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Expert Advice: Twitter for Photographers

Alyssa Shand-Perreault, Wonderful Machine Social media is an important part of self-promotion and marketing for any business, large or small. And having a wide variety of social media tools at your disposal is important. While it’s true that you can link all your social media accounts together so you can conveniently create one post that will appear on all your accounts, each platform is unique. Twitter, specifically, might be stereotyped as just a funny, witty place to spew out 140 characters of charm, but it has features that distinguish it from its competitors and can help you build your brand and implement your business strategies. For photographers, the short and sweet style of Twitter can help you effortlessly get your photos out there.

TWITTER FUNDAMENTALS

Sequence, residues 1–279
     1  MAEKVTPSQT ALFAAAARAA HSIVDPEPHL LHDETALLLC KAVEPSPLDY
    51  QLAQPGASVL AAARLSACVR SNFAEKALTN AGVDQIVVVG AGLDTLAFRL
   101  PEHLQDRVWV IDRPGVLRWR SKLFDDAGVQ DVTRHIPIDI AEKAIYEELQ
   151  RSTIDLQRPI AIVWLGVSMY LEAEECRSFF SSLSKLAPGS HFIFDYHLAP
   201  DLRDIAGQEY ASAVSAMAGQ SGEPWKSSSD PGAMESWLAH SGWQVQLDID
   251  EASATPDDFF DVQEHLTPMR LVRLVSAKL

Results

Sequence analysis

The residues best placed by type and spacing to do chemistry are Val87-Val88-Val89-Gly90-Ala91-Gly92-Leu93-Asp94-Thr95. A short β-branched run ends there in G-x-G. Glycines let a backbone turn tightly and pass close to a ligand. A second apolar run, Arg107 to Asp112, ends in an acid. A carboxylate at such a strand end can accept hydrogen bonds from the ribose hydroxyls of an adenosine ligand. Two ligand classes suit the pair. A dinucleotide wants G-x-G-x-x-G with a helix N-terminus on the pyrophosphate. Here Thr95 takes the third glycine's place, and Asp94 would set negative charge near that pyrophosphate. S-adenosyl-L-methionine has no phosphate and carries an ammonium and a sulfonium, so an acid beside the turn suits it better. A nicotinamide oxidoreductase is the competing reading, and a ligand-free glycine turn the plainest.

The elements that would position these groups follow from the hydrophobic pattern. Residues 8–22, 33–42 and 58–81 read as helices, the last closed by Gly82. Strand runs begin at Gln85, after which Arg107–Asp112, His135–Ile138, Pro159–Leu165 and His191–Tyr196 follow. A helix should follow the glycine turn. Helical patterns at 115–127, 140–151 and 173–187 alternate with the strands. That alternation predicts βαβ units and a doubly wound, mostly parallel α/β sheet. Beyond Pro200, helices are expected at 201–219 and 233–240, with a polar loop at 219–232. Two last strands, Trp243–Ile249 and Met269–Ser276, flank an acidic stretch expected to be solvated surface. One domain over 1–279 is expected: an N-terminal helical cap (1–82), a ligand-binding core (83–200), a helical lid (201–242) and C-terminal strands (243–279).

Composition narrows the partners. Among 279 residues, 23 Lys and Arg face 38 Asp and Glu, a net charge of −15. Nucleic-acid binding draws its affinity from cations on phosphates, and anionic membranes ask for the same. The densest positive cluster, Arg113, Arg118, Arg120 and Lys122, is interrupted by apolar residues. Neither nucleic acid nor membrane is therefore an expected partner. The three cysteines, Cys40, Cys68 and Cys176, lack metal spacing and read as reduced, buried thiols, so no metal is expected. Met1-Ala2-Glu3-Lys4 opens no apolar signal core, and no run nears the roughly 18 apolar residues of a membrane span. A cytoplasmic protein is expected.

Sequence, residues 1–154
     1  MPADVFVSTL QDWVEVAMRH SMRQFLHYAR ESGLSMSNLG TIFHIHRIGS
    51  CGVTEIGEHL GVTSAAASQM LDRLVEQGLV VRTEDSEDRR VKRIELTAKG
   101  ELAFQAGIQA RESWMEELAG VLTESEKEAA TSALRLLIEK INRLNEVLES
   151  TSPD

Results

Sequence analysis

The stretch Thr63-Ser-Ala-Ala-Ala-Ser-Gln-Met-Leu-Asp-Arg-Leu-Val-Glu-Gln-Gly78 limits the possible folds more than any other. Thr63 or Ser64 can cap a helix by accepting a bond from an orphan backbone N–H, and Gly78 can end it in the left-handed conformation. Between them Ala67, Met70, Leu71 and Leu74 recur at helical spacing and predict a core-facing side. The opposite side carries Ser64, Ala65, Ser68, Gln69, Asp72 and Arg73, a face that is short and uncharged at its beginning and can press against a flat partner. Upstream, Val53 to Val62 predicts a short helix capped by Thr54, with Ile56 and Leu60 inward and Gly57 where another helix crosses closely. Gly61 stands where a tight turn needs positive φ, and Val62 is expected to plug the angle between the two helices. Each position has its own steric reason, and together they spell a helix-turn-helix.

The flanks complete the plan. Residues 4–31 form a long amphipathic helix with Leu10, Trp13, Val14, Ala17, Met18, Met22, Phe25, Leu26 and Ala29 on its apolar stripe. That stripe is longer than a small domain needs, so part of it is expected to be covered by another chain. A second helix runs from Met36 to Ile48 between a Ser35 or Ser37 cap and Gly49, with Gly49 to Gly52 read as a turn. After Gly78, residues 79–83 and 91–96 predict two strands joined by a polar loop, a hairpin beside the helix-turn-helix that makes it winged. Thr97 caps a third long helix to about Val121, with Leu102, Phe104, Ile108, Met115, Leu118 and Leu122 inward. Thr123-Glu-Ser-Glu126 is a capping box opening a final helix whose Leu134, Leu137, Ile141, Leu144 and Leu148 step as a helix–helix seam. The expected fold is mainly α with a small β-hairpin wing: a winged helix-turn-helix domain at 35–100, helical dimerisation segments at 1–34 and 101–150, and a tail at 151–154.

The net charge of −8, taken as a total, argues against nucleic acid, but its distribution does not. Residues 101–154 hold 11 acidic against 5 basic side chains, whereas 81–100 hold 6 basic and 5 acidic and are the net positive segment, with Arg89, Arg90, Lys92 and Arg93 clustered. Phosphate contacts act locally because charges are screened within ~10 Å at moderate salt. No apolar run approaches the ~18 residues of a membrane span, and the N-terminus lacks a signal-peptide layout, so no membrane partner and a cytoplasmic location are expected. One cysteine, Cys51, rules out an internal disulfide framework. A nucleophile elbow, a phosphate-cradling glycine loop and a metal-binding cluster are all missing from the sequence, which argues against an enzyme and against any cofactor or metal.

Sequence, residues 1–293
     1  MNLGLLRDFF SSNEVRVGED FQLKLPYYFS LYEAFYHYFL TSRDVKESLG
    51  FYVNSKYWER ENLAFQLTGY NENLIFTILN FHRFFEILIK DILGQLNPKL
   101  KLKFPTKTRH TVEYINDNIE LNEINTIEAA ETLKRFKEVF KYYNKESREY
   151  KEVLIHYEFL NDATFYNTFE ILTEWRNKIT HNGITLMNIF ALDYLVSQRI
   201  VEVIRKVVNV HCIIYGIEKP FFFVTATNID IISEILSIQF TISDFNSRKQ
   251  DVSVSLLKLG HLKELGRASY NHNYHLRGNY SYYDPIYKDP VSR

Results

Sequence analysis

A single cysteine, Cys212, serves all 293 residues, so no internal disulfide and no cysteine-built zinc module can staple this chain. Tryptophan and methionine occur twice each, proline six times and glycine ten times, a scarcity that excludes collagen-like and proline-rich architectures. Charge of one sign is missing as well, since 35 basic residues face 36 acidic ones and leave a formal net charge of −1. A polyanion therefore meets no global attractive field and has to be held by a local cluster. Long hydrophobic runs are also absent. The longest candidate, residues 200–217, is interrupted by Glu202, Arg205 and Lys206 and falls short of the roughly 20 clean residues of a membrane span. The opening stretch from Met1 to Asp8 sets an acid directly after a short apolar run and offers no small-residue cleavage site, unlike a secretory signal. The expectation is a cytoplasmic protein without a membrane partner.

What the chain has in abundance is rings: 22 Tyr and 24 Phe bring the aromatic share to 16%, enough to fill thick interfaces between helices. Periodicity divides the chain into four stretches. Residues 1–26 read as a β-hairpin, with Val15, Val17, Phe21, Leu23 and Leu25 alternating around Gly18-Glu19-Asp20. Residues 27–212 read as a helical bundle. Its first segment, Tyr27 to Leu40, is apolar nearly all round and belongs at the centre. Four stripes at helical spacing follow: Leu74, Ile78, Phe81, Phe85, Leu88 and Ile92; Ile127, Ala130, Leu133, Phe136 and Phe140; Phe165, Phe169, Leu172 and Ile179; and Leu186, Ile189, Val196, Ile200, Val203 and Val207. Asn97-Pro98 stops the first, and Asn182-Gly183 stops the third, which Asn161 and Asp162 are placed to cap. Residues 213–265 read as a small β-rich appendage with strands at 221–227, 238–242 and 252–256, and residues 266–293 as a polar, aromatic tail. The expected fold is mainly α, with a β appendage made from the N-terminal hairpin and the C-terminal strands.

Once you’ve decided to join Twitter and set up an account for your photography business, there are a few crucial steps you should take. Keeping in mind that Twitter and other social media platforms are an extension of your brand, make sure your profile reflects how you identify yourself in your portfolio, on your website, and in person. Theme Color: The theme color you set on your Twitter profile should match your brand identity that you use on your business cards, stationery, website, etc. Profile & Cover Images: The images you use for your account should show who you are and the type of work you do. For the profile picture, use a professional headshot or your logo. The cover photo should be an example of your strongest work and lure viewers to stay on your profile and look around. As you integrate new photos in your portfolio, you can refresh your cover image to keep your profile interesting and be reflective of your recent work. Bio: Keep the bio on your profile concise, to match